Dick Seesel

The article brings up a key point about the impact of omnichannel on same-store sales metrics. If a customer uses BOPIS (buy online, pick up in store), does the sales credit belong to the company’s e-commerce site or to the store that fulfilled the order? Is it a fair metric when store A might have the merchandise in stock and location B might not? And, bottom line, does it or should it matter to a true omnichannel retailer?

There is another issue casting a shadow on the validity of same-store sales: The increasing speed of store closures. At one point “comp sales” was a valuable tool as a lot of retailers were in a go-go expansion mode, but just the opposite is the case now. As companies close overlapping locations, the remaining stores may benefit from a spike in same-store sales without actually reflecting on the health of the business.

Paula Rosenblum

We try to just use comparable sales now — in other words, online plus YOY store sales. If both channels are more than a year old, why not merge them? The store has bigger problems and more than performance metrics need to be re-imagined. I think traffic and dwell time might be the best. Maybe.

Ross Ely

Same-store sales is an important metric that indicates a retailer’s growth trends and enables comparisons with other retailers. In most industries, online sales and omnichannel factors are not yet material enough to impact the power of this metric.

Retailers should be closely measuring the progress of their online and omnichannel initiatives, but these programs will not affect the importance of the same-store sales metric for the foreseeable future.

Ricardo Belmar

The same-store sales metric isn’t quite obsolete — retailers still need a measurement of how their stores are selling, but how this metric is used is what’s changing. Steve Dennis is right — this metric alone does not help a retailer understand what other channels are influencing store sales and vice versa. New metrics are absolutely needed in the new omnichannel era to help retailers fully understand where their customers are coming from, how they like to buy and which communication channels are most effective at influencing a purchase.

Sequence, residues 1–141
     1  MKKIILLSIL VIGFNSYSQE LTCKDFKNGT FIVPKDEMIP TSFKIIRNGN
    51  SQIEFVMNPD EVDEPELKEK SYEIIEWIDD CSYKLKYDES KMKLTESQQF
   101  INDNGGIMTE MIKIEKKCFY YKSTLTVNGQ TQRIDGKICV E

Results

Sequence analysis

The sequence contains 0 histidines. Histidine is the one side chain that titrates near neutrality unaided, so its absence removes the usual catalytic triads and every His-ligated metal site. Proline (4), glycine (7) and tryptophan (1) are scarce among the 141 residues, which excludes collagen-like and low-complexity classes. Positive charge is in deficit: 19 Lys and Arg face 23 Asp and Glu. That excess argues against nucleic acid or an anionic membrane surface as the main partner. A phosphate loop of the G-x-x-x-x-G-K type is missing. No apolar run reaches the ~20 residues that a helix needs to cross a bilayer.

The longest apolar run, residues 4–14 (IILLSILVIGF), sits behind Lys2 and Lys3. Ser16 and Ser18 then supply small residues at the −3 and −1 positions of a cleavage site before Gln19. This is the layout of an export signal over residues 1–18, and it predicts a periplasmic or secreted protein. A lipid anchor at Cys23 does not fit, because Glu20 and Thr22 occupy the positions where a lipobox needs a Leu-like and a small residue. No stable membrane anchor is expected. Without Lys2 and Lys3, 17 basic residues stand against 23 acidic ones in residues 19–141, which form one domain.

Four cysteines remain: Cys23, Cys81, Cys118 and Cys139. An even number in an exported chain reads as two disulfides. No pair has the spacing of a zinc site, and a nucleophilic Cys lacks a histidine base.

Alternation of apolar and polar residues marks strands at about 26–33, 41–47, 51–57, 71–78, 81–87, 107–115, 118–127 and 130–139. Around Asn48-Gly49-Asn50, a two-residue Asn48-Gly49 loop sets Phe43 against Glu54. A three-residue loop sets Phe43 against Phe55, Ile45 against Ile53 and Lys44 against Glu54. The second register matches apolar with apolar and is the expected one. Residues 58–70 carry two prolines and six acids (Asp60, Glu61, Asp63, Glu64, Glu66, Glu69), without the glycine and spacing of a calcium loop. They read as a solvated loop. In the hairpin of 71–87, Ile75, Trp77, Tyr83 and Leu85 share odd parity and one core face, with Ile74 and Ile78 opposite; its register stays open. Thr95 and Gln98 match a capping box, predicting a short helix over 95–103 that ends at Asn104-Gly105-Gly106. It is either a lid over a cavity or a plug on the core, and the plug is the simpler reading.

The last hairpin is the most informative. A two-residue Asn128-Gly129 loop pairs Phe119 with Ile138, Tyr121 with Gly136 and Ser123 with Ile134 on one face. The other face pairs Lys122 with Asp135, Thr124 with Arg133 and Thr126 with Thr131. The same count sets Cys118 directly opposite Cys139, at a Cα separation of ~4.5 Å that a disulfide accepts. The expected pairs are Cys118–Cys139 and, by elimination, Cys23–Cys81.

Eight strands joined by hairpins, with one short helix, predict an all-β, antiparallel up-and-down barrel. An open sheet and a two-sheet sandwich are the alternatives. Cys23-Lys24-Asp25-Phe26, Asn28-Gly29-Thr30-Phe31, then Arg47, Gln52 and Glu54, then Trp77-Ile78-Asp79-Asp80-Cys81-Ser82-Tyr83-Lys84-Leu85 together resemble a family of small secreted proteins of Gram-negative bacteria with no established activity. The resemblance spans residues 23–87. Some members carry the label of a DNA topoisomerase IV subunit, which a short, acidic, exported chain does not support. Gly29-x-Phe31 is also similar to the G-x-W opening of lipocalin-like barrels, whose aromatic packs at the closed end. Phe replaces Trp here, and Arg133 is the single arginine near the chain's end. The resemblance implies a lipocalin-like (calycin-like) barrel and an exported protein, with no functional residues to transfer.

Tom Redd

Same-store sales was a metric when our great industry only had the store channel to use as one of the business measures on Wall Street. Well heck, retail changed — NO WAY, REALLY? — and now so must the measures. Channel activity measures will evolve — especially as retailers learn to leverage the much larger key indicators relating to sales and customer buying processes. Same-store comps is DOA. Wall Street people are not as fast as our retail industry. They will learn.

Nikki Baird

I like the idea of “same trading area.” I’ve also talked to investment analysts who prefer to look at comparable store traffic rather than comp store sales. It makes sense — if the store is serving a greater purpose than just transactions, then you should have the traffic to go along with it. Reporting on sales or even conversion rate hides underlying issues. If conversion rates are steady but traffic is falling, not only are sales likely going down as a result, but you have fewer “at bat” opportunities with customers because they’re just not coming in the door.

At the end of the day, what’s important is: are you measuring something that indicates the health of the business? That whole SMART thing: simple, measurable, etc. I’m not sure that comp store sales is a SMART measure any longer, not if you really want to know what’s going on in stores.

Stefan Weitz

Same-store sales are absolutely important in retail today if for nothing else than for a retailer to optimize their real estate, staffing and marketing budgets. But of course as channel-less retail comes into its own, focusing on things like “ship-from and ship-to addresses” for fulfilling SFS orders, in-store returns for online orders and overall inventory turns will feature more prominently. The future is all about having the inventory in the right place to fulfill demand no matter the channel — this is what will make or break retailers.

Lee Peterson

Same-store sales comps will never go away. They just don’t carry the same gravity they used to, mainly because of the huge jumps in online sales. Company comps are the real measure as that is the balance of both.

Some companies will want same-store metrics to go away as they’ll be a constant source of embarrassment and stock hits. Whereas other companies, like Warby and Bonobos, will use same-store comps to their advantage. But all-in-all, it’s still a useful and necessary measurement.